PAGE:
Lotus stars at a stunning Goodwood Festival of Speed

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Lotus stars at the Festival of Speed. 
A fantastic tribute to Lotus greets visitors to the seemingly endless display of stunning metal that made up this year’s ‘quiet’ opening day of the Goodwood Festival of Speed.
At the premier event for car fans, sponsor of the event, Lotus, is the star attraction with less illustrious metal such as Lotus Cortinas and Talbots mixing with numerous F1 cars – including the Lamborghini-engined 102. All took they’re turn up the famous hill climb, before parading in front of the packed crowd at Goodwood House.  
The famous British marque was also out at force for Bonhams’ Goodwood auction with an ex-Ian Burgess 1961 Lotus-Climax Type 18 Formula 1 and 2.5-litre Intercontinental Series Racing Single-seater car, being one of the highlights of the sale. It came complete with an original-period chassis and is expected to make £175-225,000. 
The ex-Rod Carveth 1962 Lotus-Buick V8 Type 19 ‘Monte Carlo’ Sports-racing roadster was another focal point of The Glacious Collection. It was created when American customers – tired of waiting for large-capacity Climax engines – began shoehorning large V8s into their Lotus 19 chassis. The car is expected to make (£150-200,000).
Also present at the sale were a 1961 Lotus Ford Type 20/22 Formula Junior Racing Single-Seater (£40-50,000), a 1963 Lotus-BMW Type 23B Sports-Racing Two-Seater (£85-125,000) and a 1963 ex-Fred Wilkinson Lotus-Ford Type 27 (£75-95,000).
Motor sport fans are well catered for with race cars from all disciplines on show from Alain Prost’s 1986 Championship-winning McLaren, one of the Lancia LC2’s that will feature at Silverstone and its biggest competitor of the time – the Porsche 956.
The Cartier Style Et Luxe showcased many ex-Royal cars varying from Land-Rovers to Rolls-Royces. A 1974 Range Rover ‘State I Royal Review Vehicle’ being one of the more peculiar cars on display, it offered a more comfortable ride than the similarly speced Royal Land-Rover and featured a repositioned exhaust, to direct fumes away from passengers, and two concealed umbrellas.
Contrasting the Range-Rover was this Daimler 4.5-litre V32 Shooting Brake. It was ordered in 1937 to coincide with King George VI’s visit to Balmoral, can accommodate ten people and features drop-down windows to allow for shooting from inside the passenger compartment.
In amongst the ex-Royal vehicles was a Lincoln Cosmopolitan Limousine ‘Bubbletop’ with a 145in wheelbase. Ford supplied the car to the US Secret Service for a nominal lease fee. Its ‘bubbletop’ wasn’t added until 1954 when President Eisenhower realised he couldn’t be seen during a rainstorm, the Queen would later travel in the limo during a Presidential Motorcade to the Whitehouse.
Modern cars were out in force with all the main manufactures making a presence felt and keen to demonstrate their heritage with Ferrari, Alfa Romeo, Jaguar who were (displaying an XJ220), Mercedes (with a 300SL), BMW, Nissan, Toyota all present
Meanwhile noisier entertainment was provided by a spectacular aerobatics display from a Euro fighter.
Goodwood continues on into the weekend to find out more visit the event’s website.

A fantastic tribute to Lotus greeted visitors to the seemingly endless display of wonderful metal that made up this year’s ‘quieter’ opening day of the Goodwood Festival of Speed.

Event-sponsor Lotus is omnipresent with cars such as Lotus Cortinas and Talbot Lotus Sunbeam mixing with numerous F1 cars – including the Lamborghini-engined 102. Each took their turn up the famous hill, before parading in front of the packed crowd at Goodwood House.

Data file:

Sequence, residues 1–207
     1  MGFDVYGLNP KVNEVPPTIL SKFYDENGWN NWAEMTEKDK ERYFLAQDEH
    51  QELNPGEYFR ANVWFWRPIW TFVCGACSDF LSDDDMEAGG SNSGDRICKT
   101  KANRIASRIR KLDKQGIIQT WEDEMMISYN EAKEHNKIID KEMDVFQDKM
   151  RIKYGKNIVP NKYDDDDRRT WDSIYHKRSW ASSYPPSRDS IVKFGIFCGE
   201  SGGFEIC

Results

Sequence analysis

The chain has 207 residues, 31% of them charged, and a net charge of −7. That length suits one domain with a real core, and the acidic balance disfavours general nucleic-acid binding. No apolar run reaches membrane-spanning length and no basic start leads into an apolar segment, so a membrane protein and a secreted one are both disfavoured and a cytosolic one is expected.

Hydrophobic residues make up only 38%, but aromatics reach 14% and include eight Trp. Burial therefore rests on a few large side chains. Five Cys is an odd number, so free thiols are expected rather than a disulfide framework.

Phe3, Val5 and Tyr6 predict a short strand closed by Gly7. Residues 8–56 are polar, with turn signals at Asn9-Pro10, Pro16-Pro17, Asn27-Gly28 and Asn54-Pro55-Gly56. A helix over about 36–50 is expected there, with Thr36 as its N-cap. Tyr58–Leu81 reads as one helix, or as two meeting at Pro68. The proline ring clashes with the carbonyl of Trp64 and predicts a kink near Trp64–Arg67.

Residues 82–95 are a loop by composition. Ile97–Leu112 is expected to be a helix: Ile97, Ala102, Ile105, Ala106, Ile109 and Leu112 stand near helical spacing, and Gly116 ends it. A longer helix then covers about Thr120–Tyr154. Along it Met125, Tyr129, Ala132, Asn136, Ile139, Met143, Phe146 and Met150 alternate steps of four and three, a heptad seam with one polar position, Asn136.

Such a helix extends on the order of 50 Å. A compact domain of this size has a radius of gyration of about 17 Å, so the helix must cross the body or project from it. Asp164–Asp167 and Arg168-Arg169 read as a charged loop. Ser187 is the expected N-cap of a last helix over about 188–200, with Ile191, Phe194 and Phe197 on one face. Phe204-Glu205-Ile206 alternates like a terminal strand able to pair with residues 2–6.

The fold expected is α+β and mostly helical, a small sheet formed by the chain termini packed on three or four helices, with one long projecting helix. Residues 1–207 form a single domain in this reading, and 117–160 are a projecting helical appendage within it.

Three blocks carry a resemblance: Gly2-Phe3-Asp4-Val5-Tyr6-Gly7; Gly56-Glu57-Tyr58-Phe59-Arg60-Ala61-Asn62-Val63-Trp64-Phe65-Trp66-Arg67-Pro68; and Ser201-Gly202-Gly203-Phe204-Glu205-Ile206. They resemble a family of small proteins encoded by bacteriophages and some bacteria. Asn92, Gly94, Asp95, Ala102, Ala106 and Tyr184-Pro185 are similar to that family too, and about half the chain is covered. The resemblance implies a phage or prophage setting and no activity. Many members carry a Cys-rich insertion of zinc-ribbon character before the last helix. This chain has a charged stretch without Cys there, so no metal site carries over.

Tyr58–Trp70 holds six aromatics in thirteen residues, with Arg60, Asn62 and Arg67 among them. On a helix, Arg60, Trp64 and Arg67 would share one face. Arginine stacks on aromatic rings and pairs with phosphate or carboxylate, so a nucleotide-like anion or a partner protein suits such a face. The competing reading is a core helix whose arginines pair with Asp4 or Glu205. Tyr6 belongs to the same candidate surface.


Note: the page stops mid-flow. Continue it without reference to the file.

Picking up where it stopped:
The famous Hethel marque was also out in force at Bonhams’ auction (separate report to follow) with the ex-Rod Carveth 1962 Lotus-Buick V8 Type 19 ‘Monte Carlo’ (below) one of the focal points of well-hyped Glasius Collection.

The car was created when American customers – tired of waiting for large-capacity Climax engines – began shoehorning V8s into Lotus 19 chassis and sold today for £158,000.

Motor sport fans are well catered for with race cars from all disciplines on show from Alain Prost’s 1986 Championship-winning McLaren (above), one of the Lancia LC2’s that will feature at Silverstone and its biggest competitor of the time – the Porsche 956.

The Cartier Style Et Luxe showcased solely ex-Royal cars varying from Land-Rovers to Rolls-Royces. A 1974 Range Rover ‘State I Royal Review Vehicle’ (below) being one of the more peculiar cars on display, it offered a more comfortable ride than the similarly specced Royal Land-Rover and featured a repositioned exhaust, to direct fumes away from passengers, plus two concealed umbrellas.

Contrasting the Range-Rover was this Daimler 4.5-litre V32 Shooting Brake (below). It was ordered in 1937 to coincide with King George VI’s visit to Balmoral, can accommodate 10 people and features drop-down windows to allow for shooting from inside the passenger compartment.

In amongst the ex-Royal vehicles was a Lincoln Cosmopolitan Limousine ‘Bubbletop’ (below) with a 145in wheelbase. Ford supplied the car to the US Secret Service for a nominal lease fee. Its ‘bubbletop’ wasn’t added until 1954 when President Eisenhower realised he couldn’t be seen during a rainstorm. The Queen would later travel in the limo during a Presidential Motorcade to The White House.

Modern cars were very evident with all the main manufactures having a presence. Those that also took the opportunity to display their heritage included Ferrari, Alfa Romeo, Jaguar (which displayed an XJ220 below), Mercedes (with a 300SL), BMW, Nissan and Toyota.

Meanwhile noisier entertainment was provided by a spectacular aerobatics display from a Eurofighter.

Goodwood continues on into the weekend; to find out more visit the event’s website

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